I read this article the other day and found it interesting for a variety of reasons: I approve of people performing detailed analysis of their data; I like it when someone with access to large data sets takes the time to tell us about what they see in them; and I'm always interested in seeing nice visualisations of complex & large data sets.
I woke up this morning with an uneasy feeling swirling around the back of my (still clouded) mind and traced it to this article. Something was bugging me about it, so I went back and took another read.
Jakob advocates the use of an advanced log-log plot of traffic usage data as a way of highlighting the behaviour of site traffic with respect to page views at the low frequency end of the plot. He notes that a simple linear plot of the page view data seems to indicate that the traffic displays a Zipf distribution, but that, when viewed using the log-log plot you can clearly see that it falls away from the predicted values at the low end.
And here's where he lost me: he then goes on to assert that this is evidence that the site in question is failing to meet the demand of the site's audience, based on the divergence from the Zipf distribution... 'So what?' I hear you ask. Well, at no stage has he shown - even loosely - that the Zipf distribution is ever a good model for site traffic, even if the site owner goes crazy with the content development. Is there even one example that can be used to show that this model is a good predictor of traffic patterns to a site? Anything?
So, based on the evidence provided (nil) I'd have to reject this advice and look for alternative explanations. Some exist already: the traffic usage distribution shown by Jakob in his example could actually be an occurence of a lognormal distribution. It may be that the 'natural' distribution for page view data on a Web site is the lognormal, and not the Zipf at all.
But what factors might contribute to the occurence of the one versus the other? Jakob argues that the reason we are seeing something similar to the lognormal distribution is due to the scarcity of specialised, low-view content, which would populate the low end of the Zipf distribution. That is, in the presence of additional content, Web site visitors would 'naturally' view these pages and boost the number of views to match the values predicted by the Zipf distribution.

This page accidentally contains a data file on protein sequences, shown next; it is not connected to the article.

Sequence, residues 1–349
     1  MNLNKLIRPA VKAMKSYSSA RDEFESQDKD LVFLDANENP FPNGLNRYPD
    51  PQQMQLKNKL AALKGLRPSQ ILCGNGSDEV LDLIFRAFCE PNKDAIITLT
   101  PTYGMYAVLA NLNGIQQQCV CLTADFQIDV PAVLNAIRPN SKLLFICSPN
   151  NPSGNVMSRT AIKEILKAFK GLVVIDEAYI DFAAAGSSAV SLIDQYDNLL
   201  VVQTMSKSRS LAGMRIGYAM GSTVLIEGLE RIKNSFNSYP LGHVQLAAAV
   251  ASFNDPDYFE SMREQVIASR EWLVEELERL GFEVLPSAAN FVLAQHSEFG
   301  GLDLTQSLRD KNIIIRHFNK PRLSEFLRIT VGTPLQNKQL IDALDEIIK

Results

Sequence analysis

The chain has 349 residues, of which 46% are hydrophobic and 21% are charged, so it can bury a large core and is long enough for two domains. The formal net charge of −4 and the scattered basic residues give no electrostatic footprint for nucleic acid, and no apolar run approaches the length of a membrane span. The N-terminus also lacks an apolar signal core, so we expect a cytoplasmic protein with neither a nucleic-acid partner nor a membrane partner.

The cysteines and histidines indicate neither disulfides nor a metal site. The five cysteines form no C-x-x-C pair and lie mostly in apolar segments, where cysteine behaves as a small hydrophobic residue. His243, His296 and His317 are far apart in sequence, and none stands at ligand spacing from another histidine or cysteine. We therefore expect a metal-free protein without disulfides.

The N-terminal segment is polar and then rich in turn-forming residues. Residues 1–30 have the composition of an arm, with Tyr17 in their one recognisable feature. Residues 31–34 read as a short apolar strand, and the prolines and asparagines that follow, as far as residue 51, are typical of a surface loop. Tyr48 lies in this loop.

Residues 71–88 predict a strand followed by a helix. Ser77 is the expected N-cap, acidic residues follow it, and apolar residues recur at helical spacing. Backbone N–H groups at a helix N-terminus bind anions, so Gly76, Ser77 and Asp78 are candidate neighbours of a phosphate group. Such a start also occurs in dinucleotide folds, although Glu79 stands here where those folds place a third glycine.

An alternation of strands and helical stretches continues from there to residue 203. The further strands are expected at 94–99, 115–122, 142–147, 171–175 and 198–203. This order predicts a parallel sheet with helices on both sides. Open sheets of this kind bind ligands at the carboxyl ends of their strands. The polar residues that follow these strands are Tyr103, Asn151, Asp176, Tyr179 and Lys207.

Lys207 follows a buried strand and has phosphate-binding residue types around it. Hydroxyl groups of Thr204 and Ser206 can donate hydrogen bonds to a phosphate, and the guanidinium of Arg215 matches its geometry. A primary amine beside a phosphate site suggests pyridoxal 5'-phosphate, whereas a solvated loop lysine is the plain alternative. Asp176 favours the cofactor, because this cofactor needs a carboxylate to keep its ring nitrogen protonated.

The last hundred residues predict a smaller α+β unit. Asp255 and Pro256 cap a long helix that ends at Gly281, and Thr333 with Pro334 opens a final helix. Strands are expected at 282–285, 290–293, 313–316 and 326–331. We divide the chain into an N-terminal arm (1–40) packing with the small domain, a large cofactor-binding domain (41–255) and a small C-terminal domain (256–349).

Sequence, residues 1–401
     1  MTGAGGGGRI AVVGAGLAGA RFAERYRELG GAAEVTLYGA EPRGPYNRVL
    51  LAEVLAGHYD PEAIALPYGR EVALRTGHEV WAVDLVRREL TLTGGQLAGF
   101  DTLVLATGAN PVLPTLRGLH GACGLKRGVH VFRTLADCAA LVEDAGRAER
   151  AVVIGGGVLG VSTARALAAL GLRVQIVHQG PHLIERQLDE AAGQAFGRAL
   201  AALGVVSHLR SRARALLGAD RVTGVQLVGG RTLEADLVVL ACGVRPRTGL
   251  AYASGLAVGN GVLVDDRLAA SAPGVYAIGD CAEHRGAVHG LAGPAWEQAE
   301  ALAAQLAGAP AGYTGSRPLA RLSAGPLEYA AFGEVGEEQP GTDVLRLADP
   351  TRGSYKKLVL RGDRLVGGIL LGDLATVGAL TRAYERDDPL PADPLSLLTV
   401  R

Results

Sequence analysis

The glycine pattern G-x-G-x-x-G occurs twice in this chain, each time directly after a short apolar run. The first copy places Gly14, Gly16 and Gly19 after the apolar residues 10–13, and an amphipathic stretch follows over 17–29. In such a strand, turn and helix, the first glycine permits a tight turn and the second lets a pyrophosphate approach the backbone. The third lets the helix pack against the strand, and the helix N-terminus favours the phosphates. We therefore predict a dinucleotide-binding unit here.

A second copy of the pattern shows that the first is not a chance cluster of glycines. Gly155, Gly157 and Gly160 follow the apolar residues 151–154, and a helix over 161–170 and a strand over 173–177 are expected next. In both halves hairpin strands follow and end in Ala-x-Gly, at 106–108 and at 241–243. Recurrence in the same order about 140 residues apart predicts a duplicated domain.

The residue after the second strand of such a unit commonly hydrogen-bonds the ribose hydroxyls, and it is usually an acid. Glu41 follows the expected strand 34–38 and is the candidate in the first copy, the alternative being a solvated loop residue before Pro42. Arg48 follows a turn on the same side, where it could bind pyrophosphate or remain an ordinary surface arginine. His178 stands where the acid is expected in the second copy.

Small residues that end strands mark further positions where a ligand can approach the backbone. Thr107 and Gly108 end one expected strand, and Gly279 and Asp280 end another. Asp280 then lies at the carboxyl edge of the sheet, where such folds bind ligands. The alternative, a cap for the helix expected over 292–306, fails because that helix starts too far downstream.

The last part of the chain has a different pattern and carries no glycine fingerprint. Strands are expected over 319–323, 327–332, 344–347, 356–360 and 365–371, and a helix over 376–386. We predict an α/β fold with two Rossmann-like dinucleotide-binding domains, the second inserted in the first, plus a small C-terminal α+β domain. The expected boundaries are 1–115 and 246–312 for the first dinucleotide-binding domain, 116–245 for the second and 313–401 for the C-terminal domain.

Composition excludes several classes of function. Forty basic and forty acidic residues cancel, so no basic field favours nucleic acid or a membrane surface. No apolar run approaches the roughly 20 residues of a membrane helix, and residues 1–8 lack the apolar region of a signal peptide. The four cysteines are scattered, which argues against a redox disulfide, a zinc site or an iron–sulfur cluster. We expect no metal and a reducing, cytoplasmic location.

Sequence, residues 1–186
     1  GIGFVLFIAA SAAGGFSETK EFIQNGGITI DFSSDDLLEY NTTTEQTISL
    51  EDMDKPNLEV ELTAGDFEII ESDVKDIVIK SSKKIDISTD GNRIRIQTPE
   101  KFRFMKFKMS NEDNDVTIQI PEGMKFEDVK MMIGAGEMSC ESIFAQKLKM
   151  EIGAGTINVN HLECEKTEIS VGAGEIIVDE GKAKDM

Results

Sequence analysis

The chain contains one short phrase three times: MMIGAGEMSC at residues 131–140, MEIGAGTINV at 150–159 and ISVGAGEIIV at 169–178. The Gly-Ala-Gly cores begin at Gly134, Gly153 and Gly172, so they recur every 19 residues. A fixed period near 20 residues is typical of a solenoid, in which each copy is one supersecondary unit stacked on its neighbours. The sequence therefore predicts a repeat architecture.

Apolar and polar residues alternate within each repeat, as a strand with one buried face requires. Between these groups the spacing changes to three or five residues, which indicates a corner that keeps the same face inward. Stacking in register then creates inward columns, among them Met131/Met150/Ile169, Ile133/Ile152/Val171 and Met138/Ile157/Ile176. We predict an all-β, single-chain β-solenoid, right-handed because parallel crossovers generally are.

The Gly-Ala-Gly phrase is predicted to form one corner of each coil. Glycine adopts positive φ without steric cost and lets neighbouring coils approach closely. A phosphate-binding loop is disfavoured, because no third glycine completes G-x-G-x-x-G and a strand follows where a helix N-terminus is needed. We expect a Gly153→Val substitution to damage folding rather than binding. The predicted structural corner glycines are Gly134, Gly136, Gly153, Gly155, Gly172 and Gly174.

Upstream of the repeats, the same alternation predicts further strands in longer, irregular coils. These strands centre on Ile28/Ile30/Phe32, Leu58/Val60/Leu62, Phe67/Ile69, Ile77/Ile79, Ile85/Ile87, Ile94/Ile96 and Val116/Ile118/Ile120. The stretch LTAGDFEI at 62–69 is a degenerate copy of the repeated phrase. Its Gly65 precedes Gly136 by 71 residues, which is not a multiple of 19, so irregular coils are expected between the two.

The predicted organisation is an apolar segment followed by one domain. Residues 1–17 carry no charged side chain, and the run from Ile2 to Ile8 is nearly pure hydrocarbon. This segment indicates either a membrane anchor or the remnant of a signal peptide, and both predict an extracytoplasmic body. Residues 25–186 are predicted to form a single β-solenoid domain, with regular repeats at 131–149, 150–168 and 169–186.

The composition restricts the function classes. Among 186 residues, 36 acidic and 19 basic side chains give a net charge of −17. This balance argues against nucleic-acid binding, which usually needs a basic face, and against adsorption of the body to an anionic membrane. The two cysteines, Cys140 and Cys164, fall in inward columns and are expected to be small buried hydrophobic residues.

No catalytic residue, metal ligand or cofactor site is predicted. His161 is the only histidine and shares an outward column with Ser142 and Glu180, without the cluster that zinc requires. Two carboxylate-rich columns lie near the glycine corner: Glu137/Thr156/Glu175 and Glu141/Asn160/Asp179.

I'm not convinced. For additional reading you might like to peruse Chris Anderson's (of the Long Tail fame) look at movie distribution figures for the US here. Chris attributes the presence of the lognormal distribution to the finite number of movie screens available in the US. Chris provides a much stronger argument for the Zipf distribution as the 'natural' curve of movie revenues in the absence of constraints.
For the Web page view analysis at least one question remains: is the constraint the scarcity of content, or the scarcity of visitors?
Wednesday, August 23, 2006
Monday, August 21, 2006
This is a little bit late, but the Oz-IA conference registration is open for those wanting to attend. There's also a list of speakers & presentation overviews. There will be some very interesting ideas on display, so be sure to check it out.
Following on from my last post about the role of user research in user experience projects, I thought I'd quickly jot down some of the tasks that may fall into the category of 'Defining the problem':
- ethnographic study
- usage metrics from current system
- task completion/abandonment rates
- customer reliance on alternative channels
- feedback / requests for assistance
- customer surveys
- business process mapping